As revealed in today’s Sunday Herald the number of people being killed of by air pollution every year in Scotland may be nearly twice what was previously thought.

 

The UK Government has admitted that up to a staggering 52,500 people across the UK are dying early from air pollution each year.  Friends of the Earth Scotland estimate that this could mean more than 3,500 total early deaths from air pollution in Scotland every year. Previously, only the official death toll from fine particles (PM2.5) was known (29,000 UK-wide, 2000 in Scotland).

 

This fresh figure, which Defra have based on initial discussions with the Committee on the Medical Effects of Air Pollutants (COMEAP), takes into account deaths from exposure to Nitrogen Dioxide (NO2), which are understood to be 23,500 each year.

 

The figure was tucked away in a Defra consultation document for new Air Quality Plans, which the UK Government and Scotland have been required to produce after being chastised by the Supreme Court in April for ongoing dangerous levels of air pollution and breaking a 2010 deadline for safe air.

 

Friends of the Earth air pollution campaigner Emilia Hanna said:

 

“Air pollution is probably killing more than 3,500 people in Scotland every year, which is nearly twice as many as previously thought. This new health evidence is truly shocking, hugely alarming and demonstrates that air pollution is a major public health disaster. If it emerged that thousands of people were dying every year from disease, crime or drugs, the government would be pouring millions of pounds into saving lives and fixing the cause.”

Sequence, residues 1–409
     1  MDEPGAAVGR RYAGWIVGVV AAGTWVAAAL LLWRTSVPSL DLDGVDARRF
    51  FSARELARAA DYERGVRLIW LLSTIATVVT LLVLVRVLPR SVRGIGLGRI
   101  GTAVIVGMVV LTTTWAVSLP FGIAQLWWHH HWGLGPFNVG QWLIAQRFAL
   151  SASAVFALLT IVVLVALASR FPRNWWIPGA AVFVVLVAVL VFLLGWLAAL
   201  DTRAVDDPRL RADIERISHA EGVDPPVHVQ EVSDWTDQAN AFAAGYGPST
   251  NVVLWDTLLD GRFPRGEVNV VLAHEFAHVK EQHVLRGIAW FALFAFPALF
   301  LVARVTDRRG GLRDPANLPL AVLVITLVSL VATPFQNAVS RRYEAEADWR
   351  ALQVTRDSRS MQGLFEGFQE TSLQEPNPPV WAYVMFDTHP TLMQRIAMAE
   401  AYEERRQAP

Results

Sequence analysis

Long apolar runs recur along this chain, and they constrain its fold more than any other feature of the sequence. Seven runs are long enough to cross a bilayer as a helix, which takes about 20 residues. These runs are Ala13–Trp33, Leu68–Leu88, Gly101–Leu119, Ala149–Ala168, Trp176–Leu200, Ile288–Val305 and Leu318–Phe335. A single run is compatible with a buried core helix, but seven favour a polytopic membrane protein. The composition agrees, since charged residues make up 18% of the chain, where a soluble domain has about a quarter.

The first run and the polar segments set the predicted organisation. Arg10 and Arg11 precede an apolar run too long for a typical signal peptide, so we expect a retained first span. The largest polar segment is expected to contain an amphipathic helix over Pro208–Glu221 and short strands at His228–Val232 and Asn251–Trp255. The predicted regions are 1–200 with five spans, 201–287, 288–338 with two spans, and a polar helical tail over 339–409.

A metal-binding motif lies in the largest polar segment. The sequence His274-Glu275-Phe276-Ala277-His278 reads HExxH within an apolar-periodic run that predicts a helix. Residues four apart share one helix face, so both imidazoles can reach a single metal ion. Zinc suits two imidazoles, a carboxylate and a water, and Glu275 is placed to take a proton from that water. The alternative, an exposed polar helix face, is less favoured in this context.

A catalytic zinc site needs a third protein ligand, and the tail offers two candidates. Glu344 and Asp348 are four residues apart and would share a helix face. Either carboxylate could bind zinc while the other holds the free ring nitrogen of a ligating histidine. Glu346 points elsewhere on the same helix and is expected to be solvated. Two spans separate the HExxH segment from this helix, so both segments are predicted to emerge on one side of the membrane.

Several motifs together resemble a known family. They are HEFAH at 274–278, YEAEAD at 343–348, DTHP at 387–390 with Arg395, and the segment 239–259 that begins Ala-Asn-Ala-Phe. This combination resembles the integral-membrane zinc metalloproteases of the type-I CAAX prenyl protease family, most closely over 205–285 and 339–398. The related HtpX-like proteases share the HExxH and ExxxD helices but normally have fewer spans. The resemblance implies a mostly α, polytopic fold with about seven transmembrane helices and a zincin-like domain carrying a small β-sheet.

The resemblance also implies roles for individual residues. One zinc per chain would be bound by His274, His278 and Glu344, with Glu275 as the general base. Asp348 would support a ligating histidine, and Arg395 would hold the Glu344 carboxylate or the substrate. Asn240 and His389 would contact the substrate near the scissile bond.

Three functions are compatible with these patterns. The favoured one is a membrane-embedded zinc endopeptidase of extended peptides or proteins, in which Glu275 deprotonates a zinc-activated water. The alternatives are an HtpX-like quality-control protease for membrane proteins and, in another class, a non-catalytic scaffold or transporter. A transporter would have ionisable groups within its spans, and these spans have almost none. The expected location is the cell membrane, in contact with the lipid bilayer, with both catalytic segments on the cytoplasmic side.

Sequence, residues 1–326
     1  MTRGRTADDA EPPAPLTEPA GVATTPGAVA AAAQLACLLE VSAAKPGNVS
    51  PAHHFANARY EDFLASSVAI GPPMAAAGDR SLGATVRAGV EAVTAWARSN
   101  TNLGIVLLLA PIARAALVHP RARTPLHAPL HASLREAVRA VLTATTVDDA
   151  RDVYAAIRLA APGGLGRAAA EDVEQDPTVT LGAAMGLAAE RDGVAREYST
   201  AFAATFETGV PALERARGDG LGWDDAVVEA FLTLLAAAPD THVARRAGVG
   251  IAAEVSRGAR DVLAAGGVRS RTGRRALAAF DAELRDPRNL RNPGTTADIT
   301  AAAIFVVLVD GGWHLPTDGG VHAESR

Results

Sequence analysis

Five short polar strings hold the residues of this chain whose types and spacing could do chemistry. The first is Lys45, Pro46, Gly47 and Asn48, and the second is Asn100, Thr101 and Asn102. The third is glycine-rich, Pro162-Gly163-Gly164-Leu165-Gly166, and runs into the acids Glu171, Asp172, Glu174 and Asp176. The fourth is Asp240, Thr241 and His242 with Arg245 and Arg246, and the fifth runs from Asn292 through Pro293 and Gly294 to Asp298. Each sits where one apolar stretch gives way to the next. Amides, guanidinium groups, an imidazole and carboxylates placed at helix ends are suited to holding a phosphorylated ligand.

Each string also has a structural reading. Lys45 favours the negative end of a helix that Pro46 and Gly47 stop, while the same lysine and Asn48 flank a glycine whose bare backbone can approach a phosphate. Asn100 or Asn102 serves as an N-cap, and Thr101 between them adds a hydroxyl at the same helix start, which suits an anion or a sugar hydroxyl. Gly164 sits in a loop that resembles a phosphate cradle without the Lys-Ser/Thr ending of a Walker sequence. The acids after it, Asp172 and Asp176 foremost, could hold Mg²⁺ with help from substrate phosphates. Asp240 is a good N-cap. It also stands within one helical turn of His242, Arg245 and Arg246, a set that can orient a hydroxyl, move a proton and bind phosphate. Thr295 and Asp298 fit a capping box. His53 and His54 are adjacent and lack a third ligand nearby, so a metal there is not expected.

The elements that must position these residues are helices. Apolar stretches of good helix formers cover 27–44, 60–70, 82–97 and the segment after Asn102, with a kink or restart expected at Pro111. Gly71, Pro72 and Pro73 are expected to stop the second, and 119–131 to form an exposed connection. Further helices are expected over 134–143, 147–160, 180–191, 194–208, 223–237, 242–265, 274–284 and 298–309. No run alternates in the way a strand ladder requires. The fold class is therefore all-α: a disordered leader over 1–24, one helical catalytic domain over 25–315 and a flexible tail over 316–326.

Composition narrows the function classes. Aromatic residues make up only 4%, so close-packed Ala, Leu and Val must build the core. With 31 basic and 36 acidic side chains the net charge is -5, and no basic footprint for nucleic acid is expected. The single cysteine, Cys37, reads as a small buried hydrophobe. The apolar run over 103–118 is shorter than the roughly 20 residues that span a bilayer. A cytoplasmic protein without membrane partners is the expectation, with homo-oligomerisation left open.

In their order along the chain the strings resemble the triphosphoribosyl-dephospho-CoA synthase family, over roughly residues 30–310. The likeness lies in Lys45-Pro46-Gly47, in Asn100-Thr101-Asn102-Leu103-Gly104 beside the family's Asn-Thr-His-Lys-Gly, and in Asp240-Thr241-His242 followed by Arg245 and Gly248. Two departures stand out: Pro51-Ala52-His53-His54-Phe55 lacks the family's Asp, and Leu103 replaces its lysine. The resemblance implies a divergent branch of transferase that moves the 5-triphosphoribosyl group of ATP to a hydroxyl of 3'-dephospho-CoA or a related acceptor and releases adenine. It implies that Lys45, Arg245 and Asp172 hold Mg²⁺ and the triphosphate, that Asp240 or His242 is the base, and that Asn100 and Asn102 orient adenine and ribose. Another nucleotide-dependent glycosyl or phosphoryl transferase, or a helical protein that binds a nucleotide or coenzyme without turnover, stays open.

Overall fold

“The Scottish consultation on new Air Quality Plans is incomplete, vague, and lackluster. The Scottish Government asks the public for our views on a Low Emission Strategy, but this is a draft document which we cannot even see. We are being asked to put our trust in the Scottish Government to come up with a Low Emission Strategy which meets legal obligations.  This is a promise which must be delivered.

 

“The law requires that the Low Emission Strategy and related regional Air Quality Plans have a clear set of actions to reduce air pollution, specific timetables for action, and estimates of how much each measure will improve air quality. When the Scottish Government launches its Low Emission Strategy in November, the Strategy needs to fully comply with the letter and the spirit of the law. The public deserve more than vague promises and assurances that our air will be clean. We need to know when and how.

 

“Friends of the Earth Scotland is calling for the Scottish Government to implement fully funded Low Emission Zones in the major cities with air pollution problems by 2018, which would see the most polluting vehicles kept out of city centres. Without funding for local councils to implement these Zones, the Low Emission Strategy will be undeliverable.”

 

Edinburgh based mum of one, Liz Ashton, 36, said:

 

“I have suffered from asthma since childhood. My asthma is like a litmus test for pollution levels, because the symptoms get so much worse when I am exposed to traffic.  For several years, I lived on a busy road in Edinburgh City Centre with four lanes of traffic and had to take daily medication. I would wake most nights with a tight chest, wheezing. Seven months ago, I moved out of town, and I am no longer being kept awake at night struggling to breathe.